Quarry Falls is a small waterfall (or perhaps large rapid in high water) located beside US Hwy. 64 southeast of Franklin, North Carolina. Known to locals as "Sliding Rock," it is best known for the large, deep pool at the bottom and is a popular place for swimming during warm weather. During the summertime, many are swimming in the pool and sliding down the rock as a means to stay cool in the warmer months (please see picture above).
Glen Falls is a wonderful place to visit if you enjoy short distant hiking. Glen Falls is just off of Hwy 64 in Highlands, NC. To get to Glen Falls take a left on Hwy 106 outside of Highlands, go about 1.7 miles and look for the sign to Glen Falls Scenic area on the left. The gravel road to the Falls (SR 1618) veers off immediately to the right after you take the left, so go slow. The road dead ends into the parking area. In a short distance from the parking area, the trail brings you to a nice view across the mountains. Continue down the trail and to a railing on the right for this view looking down the waterfall. The trail is about 3/4 mile and not bad if your in OK shape (please see picture above). (18)
Hikers Enjoying The Afternoon At Mooney Falls
Not too far outside of Franklin, located in the beautiful Nantahala National Forest, near Standing Indian Campground one can enjoy the beauty of Mooney Falls (please see picture above). Mooney Falls is about 20’ and there is a small swimming hole near the bottom of the falls. To get to Mooney Falls, take the turn into Standing Indian Campground, which is about 12 miles from the intersection of 64W and 441/23 outside of Franklin, drive just under 2 miles and turn right at the sign for Standing Indian Campground (FR67). Drive 6.7 miles down (FR67) and then take a left into Standing Indian Campground, the road will turn from pavement to gravel. The hike to the waterfall is an easy .5 mile hike along Big Laurel Branch. A short distance from the trailhead, turn right at the fork in the trail and follow the creek up to the fall. Remember, it can be cool up in the higher elevations so don’t forget a light sweater or jacket.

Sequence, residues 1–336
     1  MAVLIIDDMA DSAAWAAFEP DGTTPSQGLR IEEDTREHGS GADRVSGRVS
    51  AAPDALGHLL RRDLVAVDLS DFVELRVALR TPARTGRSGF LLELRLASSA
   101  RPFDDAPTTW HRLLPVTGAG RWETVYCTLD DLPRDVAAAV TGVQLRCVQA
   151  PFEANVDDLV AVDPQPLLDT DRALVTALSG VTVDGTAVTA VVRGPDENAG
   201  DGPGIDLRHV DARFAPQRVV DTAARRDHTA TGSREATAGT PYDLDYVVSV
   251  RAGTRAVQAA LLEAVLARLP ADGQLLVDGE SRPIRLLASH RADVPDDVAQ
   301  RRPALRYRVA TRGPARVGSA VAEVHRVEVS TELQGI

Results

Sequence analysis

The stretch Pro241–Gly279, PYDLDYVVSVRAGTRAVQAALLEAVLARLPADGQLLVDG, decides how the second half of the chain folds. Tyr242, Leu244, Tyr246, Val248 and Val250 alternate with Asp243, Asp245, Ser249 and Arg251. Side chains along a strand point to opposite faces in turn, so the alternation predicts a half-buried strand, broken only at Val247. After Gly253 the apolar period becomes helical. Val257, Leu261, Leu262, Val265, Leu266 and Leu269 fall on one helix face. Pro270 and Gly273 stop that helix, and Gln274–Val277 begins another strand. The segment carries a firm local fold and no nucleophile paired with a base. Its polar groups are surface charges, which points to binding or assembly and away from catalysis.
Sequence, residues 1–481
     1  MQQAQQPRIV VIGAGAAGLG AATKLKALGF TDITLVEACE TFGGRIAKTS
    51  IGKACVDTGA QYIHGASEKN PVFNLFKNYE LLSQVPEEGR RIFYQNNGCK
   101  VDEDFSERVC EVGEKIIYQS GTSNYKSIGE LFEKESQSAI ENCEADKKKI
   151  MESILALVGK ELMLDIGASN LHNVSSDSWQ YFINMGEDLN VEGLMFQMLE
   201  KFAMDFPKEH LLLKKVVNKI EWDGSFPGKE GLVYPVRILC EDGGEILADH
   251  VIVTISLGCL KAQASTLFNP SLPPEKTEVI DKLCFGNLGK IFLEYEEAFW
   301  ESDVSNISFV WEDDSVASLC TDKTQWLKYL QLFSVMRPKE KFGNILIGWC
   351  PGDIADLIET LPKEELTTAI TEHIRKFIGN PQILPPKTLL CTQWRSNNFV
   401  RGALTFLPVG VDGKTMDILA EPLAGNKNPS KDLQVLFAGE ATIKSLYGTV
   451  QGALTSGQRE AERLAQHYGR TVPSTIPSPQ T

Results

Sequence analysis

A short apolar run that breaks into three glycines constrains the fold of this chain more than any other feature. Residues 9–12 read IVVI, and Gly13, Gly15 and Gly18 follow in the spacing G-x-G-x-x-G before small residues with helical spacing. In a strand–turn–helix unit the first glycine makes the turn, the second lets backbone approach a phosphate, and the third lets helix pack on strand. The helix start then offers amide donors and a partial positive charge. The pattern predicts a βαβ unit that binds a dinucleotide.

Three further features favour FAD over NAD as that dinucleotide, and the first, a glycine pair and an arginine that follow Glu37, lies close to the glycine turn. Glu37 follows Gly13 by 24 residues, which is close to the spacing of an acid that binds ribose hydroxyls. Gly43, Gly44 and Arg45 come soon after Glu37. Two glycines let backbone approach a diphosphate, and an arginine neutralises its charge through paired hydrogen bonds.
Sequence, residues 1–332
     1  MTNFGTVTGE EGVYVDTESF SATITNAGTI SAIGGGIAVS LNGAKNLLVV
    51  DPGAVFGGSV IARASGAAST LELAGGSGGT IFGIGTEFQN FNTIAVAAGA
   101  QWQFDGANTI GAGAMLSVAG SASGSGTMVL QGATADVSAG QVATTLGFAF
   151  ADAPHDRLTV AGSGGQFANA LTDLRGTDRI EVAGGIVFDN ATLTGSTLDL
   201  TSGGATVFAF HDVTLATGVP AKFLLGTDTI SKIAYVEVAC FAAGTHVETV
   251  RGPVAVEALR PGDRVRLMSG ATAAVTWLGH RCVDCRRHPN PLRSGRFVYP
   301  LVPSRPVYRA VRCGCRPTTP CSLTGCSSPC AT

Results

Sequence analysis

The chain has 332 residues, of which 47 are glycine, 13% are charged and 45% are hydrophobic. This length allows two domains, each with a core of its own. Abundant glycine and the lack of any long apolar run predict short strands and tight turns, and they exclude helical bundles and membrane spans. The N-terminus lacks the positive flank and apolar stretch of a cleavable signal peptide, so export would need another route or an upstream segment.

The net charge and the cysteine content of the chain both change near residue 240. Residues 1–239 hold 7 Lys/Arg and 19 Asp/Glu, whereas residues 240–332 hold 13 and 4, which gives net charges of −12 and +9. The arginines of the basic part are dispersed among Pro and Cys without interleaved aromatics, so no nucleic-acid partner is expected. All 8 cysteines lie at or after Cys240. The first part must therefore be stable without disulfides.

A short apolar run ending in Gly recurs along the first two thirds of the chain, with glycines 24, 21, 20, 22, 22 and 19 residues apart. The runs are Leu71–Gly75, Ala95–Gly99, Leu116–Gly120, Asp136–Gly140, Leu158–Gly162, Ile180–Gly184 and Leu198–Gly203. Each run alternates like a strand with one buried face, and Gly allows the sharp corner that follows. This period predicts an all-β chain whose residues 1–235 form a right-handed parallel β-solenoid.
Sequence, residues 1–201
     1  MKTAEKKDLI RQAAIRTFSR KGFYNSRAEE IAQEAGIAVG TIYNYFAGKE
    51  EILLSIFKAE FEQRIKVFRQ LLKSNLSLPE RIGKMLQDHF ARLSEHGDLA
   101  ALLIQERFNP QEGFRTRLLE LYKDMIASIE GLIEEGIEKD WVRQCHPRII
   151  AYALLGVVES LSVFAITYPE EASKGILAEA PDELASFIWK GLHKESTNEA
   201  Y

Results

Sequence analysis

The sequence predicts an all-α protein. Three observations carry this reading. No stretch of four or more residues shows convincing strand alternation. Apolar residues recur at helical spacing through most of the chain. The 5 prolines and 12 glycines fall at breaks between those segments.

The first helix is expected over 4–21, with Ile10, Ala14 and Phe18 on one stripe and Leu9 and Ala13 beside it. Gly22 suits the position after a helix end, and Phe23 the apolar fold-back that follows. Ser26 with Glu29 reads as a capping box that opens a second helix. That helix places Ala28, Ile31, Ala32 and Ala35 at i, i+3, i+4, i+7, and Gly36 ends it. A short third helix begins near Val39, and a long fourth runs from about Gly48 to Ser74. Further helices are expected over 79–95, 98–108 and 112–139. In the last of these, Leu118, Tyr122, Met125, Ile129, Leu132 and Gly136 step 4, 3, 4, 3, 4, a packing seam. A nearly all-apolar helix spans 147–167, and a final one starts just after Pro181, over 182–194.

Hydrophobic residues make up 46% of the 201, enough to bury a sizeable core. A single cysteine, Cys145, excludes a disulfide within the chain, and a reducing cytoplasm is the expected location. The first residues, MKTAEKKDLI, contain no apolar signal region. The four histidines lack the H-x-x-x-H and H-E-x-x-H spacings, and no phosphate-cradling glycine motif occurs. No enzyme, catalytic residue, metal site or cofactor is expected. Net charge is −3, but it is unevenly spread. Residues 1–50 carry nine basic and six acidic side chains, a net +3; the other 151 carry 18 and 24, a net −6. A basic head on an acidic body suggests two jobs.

"Could it get anymore romantic than this, Whitewater Falls?"
Upper Whitewater Falls is the highest waterfall east of the Rockies, falling 411 feet! It's about 25 miles from Franklin, NC and part of the Whitewater River in the Jocassee Gorge area of North Carolina just before you reach South Carolina. For an excellent view of Whitewater Falls, follow the paved 1/4-mile walkway to the upper overlook. The walkway begins at the end of the parking lot and is accessible to wheelchairs. A lower overlook with an even better view (please see photo above) is located at the bottom of 154 wooden steps. The only full views of the falls are from these two overlooks. However, some people venture off the trail to try for better views. Tragically, several of these people fell to their deaths or suffered serious injuries at Whitewater Falls, so please stay on the trails for your safety.